Patrick French in The National Interest:
If celebrity is a mask that eats into the face, posthumous fame is more like an accretion of silt and barnacles that can leave the face unrecognizable, or recognizable only as something it is not. We might feel we know Mohandas Gandhi, Abraham Lincoln, Albert Einstein, Joan of Arc or Martin Luther King Jr., but, rather, we know their iconic value: their portraits or statues, their famous deeds and sayings. We have trouble seeing them as their contemporaries did—as people. Jawaharlal Nehru, writing in the 1930s when he was in a British prison and some distance from becoming India’s prime minister, said that Gandhi’s views on marital relationships were “abnormal and unnatural” and “can only lead to frustration, inhibition, neurosis, and all manner of physical and nervous ills. . . . I do not know why he is so obsessed by this problem of sex.” Nehru was writing publicly, in his autobiography, but it is fair to say that few Indian politicians today would speak of the Father of the Nation in this unfettered way. Gandhi has become, in India and across the world, a simplified character: a celibate, cheerful saint who wore a white loincloth and round spectacles, ate small meals and succeeded in bringing down an empire through nonviolent civil disobedience. Barack Obama, who kept a portrait of Gandhi hanging on the wall of his Senate office, is fond of citing him.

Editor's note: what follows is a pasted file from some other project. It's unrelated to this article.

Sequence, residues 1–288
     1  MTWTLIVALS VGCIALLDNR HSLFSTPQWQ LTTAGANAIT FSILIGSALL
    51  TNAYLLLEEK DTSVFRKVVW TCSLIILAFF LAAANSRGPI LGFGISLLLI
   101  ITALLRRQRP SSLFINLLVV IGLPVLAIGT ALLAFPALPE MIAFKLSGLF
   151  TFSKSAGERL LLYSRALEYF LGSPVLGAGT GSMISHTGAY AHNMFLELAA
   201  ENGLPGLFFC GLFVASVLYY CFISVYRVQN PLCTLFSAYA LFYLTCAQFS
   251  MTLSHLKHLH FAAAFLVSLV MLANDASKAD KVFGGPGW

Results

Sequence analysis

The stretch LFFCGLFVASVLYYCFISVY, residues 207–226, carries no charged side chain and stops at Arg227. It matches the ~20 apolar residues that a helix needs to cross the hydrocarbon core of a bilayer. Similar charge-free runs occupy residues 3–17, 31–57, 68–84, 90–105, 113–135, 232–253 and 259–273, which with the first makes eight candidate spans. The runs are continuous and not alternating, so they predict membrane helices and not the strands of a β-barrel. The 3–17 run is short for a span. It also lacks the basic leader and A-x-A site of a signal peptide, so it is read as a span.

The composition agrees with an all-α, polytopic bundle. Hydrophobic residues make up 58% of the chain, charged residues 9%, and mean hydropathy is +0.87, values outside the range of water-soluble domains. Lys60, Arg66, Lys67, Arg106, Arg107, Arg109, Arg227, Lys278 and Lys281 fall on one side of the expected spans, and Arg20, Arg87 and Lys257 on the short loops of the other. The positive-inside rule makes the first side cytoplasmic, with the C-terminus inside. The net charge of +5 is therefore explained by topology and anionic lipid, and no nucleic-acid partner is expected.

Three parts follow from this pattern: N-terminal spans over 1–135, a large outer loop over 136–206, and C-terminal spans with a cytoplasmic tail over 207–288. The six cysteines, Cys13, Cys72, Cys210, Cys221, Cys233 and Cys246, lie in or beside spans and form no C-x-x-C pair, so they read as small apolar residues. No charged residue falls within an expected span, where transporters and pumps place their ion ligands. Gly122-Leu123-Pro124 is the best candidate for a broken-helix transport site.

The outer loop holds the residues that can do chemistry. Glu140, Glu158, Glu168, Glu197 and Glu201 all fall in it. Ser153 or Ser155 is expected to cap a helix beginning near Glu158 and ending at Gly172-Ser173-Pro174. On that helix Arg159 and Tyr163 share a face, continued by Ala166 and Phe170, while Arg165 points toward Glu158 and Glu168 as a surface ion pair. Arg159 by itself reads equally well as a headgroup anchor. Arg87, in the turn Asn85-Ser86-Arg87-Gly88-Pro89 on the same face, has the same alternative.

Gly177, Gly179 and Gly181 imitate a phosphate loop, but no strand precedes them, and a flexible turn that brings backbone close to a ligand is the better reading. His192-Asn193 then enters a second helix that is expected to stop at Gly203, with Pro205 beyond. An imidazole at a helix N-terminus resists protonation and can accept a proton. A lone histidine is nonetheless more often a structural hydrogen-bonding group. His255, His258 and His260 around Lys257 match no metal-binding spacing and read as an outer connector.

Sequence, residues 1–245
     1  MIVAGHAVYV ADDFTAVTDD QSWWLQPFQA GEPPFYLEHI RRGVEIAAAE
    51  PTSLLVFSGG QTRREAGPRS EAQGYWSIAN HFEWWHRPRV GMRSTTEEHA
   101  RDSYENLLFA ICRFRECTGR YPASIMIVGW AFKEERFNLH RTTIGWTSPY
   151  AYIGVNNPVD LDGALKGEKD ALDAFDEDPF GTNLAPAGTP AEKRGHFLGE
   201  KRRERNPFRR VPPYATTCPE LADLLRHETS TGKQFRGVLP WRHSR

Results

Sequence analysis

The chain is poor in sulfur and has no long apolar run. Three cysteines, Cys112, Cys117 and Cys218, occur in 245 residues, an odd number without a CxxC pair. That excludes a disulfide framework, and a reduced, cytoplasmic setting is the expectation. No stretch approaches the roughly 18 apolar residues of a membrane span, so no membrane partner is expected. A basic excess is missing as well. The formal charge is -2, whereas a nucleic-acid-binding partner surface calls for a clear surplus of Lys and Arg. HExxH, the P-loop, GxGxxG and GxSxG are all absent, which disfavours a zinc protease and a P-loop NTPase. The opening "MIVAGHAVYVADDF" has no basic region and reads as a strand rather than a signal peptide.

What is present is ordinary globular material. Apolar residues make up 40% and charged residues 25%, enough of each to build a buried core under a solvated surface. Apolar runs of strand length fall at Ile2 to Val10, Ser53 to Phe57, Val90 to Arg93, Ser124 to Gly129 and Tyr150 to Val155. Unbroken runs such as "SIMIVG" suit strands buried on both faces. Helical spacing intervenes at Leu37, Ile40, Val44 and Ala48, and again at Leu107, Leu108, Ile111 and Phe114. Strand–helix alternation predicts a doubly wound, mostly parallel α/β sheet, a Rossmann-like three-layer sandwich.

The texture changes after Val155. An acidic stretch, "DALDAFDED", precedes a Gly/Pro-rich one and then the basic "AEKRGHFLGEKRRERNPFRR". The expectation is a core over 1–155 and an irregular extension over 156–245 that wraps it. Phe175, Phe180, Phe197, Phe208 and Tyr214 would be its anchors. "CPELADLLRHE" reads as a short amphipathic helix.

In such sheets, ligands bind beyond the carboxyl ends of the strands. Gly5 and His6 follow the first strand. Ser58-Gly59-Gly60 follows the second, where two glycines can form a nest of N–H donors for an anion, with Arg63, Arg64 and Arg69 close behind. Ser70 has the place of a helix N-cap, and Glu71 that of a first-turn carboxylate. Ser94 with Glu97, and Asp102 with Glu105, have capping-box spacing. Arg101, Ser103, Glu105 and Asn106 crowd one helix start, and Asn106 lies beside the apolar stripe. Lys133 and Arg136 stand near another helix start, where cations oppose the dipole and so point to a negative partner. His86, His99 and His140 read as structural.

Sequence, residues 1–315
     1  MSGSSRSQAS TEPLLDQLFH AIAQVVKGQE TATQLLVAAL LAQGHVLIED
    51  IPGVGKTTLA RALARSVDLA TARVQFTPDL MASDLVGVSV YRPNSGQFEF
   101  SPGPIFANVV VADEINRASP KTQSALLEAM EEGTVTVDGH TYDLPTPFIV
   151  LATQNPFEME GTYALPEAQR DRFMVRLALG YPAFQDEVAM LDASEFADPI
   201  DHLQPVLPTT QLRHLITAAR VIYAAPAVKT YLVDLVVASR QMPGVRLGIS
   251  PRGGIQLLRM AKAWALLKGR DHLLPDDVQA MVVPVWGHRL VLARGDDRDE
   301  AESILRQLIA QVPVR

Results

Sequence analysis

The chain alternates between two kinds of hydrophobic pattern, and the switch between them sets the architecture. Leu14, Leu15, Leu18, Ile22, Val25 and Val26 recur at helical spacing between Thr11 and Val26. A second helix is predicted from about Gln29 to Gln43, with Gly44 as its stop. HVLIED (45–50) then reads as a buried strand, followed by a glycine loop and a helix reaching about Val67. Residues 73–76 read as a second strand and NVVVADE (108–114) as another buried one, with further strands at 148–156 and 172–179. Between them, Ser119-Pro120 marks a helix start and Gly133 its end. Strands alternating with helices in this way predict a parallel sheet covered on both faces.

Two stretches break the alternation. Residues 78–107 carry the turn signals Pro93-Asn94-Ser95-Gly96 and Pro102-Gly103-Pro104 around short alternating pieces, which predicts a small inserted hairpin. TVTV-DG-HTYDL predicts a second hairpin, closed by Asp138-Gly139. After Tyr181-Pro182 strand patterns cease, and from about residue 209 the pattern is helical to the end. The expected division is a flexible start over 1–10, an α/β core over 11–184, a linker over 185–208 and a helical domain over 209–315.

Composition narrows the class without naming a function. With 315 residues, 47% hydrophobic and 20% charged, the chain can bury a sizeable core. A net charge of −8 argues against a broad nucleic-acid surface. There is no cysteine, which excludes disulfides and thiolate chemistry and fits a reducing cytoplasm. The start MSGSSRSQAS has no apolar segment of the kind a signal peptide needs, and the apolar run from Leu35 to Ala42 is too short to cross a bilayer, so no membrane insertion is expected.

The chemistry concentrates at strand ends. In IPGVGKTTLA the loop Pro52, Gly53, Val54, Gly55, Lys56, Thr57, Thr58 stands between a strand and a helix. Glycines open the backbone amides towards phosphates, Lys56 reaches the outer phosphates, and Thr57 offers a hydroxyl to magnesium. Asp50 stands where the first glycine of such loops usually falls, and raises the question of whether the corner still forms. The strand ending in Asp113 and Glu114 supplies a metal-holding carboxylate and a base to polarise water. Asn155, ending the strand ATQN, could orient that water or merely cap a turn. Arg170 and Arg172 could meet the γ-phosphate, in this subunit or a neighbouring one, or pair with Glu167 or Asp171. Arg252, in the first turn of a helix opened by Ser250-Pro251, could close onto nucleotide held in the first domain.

Joseph Lelyveld has already found himself in some trouble over Great Soul, not for what he wrote, but for what other people say he wrote. In a contemporary morality tale of high-speed information transfer and deliberate misconstruction, his book has been identified as something it is not. The Daily Mail, one of London’s lively and vituperative tabloids, ran a story saying Great Soul claimed Gandhi “was bisexual and left his wife to live with a German-Jewish bodybuilder.”